Home Events Colloquium: “Ghosts from Dying Stars: Using Neutrinos to Probe Supernovae and Beyond”

Colloquium: “Ghosts from Dying Stars: Using Neutrinos to Probe Supernovae and Beyond”

Mr. Samuel Flynn
WFU Alum and NCSU Graduate Student
Theoretical Nuclear & Particle Physics
NC State University
Raleigh, NC
George P. Williams, Jr. Lecture Hall, (Olin 101)
Wednesday, February 12, 2020 at 3:00 PM

There will be a reception in the Olin Lounge at approximately 4 PM following the colloquium. All interested persons are cordially invited to attend.


In a final act of splendor, some dying stars explode in one of the universe’s most dramatic and terrific displays; a core collapse supernova (CCSN). Despite emitting enormous amounts of light, 99% of the star’s binding energy is carried away in the form of nature’s lightest particles; the neutrinos, whose curious property of oscillating between their three “flavors” can be used to determine properties of the newly created neutron star, determine environmental conditions important for nucleosynthesis, improve our simulations of CCSNs, and possibly even constrain yet-to-be-determined neutrino parameters. This “neutrino astronomy” required a strong theoretical understanding of how the oscillations are impacted by the conditions of the CSSN. Of particular importance for improving supernova simulations is the determination of the conditions and effects of “fast flavor oscillations”; sudden instabilities which can cause almost immediate flavor change far below the shock, potentially altering the dynamics of the explosion. CCSNs also offer an opportunity to further constrain the strength of the neutrino couplings to matter, as changing these interactions can cause novel oscillation behaviors which affect the neutrino signals seen on Earth. In this talk, I will introduce the basics of neutrino oscillations, explore the unique types of oscillation behavior which can occur only in astrophysical conditions, and explain how these effects can be used to probe supernovae. I will then discuss my current work investigating the conditions necessary for fast flavor oscillation and simulating neutrino signals with non-standard model neutrino-matter interactions.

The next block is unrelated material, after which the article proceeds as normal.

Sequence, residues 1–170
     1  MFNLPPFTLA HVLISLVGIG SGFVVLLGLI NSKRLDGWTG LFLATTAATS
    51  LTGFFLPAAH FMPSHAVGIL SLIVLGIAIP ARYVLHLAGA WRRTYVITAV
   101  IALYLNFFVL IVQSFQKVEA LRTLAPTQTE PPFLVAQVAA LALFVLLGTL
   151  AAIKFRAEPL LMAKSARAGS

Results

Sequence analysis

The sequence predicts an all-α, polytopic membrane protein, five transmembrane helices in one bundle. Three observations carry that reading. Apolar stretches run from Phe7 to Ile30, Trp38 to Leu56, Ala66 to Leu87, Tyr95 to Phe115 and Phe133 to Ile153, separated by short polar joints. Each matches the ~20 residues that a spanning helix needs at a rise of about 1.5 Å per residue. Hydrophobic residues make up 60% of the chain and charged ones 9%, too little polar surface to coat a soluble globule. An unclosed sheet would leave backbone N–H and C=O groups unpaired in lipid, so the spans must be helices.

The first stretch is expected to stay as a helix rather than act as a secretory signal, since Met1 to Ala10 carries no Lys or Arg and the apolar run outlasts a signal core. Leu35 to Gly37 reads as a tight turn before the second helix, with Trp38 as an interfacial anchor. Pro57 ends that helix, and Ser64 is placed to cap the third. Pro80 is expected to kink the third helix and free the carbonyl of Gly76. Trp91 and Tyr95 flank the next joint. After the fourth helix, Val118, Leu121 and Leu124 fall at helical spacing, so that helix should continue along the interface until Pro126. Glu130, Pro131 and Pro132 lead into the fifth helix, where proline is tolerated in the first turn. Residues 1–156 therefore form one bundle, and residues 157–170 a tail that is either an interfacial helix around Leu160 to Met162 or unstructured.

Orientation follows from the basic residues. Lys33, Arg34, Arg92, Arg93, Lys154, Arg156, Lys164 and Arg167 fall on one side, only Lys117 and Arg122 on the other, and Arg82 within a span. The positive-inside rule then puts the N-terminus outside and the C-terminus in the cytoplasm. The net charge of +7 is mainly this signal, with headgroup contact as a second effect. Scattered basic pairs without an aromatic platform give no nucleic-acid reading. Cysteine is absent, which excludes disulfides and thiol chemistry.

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Feb 12 2020


3:00 pm - 4:00 pm


Olin 101
Olin Physical Laboratory, Wake Forest University, Winston-Salem, NC 27109